Despite the fact that at the end of 2007 Radiohead released with much hype one of the decade’s musical milestones In Rainbows, all for free on the band’s website, it seems like the ghost of the RIAA is still here to haunt us. The latest attack on file sharing is addressed to bloggers that posted in parts or integral the In Rainbows album, even though the record is probably most known for its innovative free download release. As such, the Recording Industry Association of America (RIAA) and International Federation of the Phonographic Industry (IFPI) are now targeting sites that provide the songs for free.
Torrentfreak covered the issue more extensively, reporting that two cease-and-desist notices, dated September 2009 and January 2010 have been filled to Google, the owner of the blogspot.com service, in which the RIAA and IFPI cited hundreds of blogs sharing material by U2, the Doors, Aretha Franklin, Radiohead and many more. “These recordings are owned by one of our member companies and have not been authorised for this kind of use,” claimed the RIAA, which represents major US labels. The IFPI, an international recording industry lobby group, asked for “immediate assistance in stopping this unauthorized activity”.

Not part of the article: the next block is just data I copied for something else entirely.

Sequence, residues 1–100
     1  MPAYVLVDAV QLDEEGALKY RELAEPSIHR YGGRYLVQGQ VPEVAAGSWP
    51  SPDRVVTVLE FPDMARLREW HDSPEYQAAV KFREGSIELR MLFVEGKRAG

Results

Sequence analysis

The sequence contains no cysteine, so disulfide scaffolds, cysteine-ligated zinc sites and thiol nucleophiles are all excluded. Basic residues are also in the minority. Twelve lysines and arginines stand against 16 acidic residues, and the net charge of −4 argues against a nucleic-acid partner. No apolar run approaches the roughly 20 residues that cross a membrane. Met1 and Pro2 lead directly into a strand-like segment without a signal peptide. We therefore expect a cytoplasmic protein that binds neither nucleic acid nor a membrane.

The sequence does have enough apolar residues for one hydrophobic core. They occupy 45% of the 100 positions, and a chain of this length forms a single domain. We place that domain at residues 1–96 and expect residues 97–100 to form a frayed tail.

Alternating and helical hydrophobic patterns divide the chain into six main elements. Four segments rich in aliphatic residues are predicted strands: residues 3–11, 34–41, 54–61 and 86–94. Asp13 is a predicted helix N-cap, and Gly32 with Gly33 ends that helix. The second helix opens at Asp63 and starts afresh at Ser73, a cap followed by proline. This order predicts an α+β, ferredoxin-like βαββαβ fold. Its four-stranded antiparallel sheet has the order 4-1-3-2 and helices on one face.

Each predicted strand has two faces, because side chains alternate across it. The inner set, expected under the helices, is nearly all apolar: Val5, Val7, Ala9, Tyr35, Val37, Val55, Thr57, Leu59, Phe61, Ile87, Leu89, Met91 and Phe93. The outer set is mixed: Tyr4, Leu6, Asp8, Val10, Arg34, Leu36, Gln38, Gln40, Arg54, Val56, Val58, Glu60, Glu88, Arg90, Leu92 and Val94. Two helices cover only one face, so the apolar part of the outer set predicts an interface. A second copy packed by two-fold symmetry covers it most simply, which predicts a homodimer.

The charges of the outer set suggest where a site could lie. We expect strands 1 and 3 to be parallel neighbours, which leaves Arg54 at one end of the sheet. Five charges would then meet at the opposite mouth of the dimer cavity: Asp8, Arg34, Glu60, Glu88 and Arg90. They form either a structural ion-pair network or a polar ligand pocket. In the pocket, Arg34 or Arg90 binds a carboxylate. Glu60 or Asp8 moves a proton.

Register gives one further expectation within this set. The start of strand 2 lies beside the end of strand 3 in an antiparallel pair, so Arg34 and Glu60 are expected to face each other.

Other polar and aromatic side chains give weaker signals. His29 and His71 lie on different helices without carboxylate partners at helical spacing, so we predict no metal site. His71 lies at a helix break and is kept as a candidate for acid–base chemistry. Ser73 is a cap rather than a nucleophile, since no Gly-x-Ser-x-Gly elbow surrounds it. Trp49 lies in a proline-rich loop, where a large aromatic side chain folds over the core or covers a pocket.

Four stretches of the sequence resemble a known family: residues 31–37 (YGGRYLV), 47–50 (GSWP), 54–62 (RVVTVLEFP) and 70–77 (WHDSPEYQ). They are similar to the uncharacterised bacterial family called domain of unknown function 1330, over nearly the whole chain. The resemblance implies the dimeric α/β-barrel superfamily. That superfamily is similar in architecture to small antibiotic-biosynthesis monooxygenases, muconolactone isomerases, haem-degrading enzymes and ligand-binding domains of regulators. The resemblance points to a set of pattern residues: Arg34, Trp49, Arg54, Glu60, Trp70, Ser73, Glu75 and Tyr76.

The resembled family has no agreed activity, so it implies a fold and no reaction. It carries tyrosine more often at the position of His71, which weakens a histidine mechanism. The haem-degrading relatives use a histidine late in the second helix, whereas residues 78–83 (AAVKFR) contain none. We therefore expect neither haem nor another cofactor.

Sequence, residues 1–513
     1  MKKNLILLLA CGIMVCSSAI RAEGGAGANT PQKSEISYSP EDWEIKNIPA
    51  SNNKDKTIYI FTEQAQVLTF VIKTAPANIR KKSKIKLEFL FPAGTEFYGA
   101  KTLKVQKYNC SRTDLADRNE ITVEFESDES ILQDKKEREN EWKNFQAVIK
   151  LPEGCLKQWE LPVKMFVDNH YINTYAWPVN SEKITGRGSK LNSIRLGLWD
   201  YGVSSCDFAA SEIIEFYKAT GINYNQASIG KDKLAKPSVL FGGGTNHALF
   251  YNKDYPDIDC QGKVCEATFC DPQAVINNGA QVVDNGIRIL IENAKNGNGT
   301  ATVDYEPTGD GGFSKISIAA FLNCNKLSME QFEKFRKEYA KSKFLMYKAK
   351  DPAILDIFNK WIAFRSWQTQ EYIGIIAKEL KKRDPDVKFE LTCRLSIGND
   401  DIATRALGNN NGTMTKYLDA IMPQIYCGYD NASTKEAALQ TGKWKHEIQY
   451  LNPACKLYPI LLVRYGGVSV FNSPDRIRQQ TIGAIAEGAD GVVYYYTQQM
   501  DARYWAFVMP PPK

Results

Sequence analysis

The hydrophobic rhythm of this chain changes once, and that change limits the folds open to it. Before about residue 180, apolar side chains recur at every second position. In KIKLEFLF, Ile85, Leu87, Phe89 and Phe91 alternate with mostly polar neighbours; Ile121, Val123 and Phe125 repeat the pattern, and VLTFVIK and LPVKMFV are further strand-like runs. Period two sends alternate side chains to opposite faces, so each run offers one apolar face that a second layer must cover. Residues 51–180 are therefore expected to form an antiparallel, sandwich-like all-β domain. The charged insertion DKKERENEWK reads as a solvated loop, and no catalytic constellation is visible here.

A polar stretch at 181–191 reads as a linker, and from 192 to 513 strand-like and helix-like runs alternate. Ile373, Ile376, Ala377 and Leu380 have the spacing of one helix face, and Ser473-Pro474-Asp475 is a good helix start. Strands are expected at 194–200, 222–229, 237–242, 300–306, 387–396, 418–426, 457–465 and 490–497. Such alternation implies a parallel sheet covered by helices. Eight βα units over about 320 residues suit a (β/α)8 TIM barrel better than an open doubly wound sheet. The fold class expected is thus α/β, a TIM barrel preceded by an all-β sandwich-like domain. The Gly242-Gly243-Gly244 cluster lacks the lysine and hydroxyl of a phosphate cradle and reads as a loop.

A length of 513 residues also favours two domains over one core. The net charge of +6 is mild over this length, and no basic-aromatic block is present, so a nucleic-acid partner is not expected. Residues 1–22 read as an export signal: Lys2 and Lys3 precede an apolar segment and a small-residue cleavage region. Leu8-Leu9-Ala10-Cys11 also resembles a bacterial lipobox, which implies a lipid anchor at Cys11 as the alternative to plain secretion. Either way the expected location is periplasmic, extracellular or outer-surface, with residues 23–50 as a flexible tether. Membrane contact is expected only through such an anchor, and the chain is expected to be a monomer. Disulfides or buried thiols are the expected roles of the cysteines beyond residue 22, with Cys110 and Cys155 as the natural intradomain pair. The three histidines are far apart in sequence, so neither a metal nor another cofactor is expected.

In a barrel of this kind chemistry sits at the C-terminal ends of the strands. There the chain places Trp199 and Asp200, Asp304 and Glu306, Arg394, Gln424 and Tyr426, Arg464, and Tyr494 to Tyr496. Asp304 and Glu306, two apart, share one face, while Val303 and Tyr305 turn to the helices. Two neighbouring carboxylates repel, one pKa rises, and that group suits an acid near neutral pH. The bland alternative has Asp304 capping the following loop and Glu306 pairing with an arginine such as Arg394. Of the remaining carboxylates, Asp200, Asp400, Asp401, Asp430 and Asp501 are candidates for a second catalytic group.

Concerning the other names, it’s pretty clear that the RIAA has every right to shut down bloggers who illegally supply music, but what about Radiohead? How does the band feel about these latest actions addressed at bloggers who have wholeheartedly supported them in the past? Unfortunately, although the band’s liberal intentions all well known and transparent, it’s not up to them anymore. Money and labels dictate everything in the music industry.
It’s important to not that In Rainbows is NO LONGER FREE, a for a pretty long time. Actually it made some big money too, probably more than it would’ve had if released in conventional circumstances. Just consider the band sold 100,000 delux £40 boxsets, 1.8mil CDs, besides the “pay what you want” donations that were politely asked for the downloads (in the millions), which most people, being fans of the band as well as supporters of their cause, have gladly turned. Moreover, the whole “pay what you want” deal was only available between October to December 2007, as In Rainbows is now available for digital purchase from iTunes for £7.99.
I, for one, am very curious to hear an official statement from behalf of the band, because this whole thing smells fishy.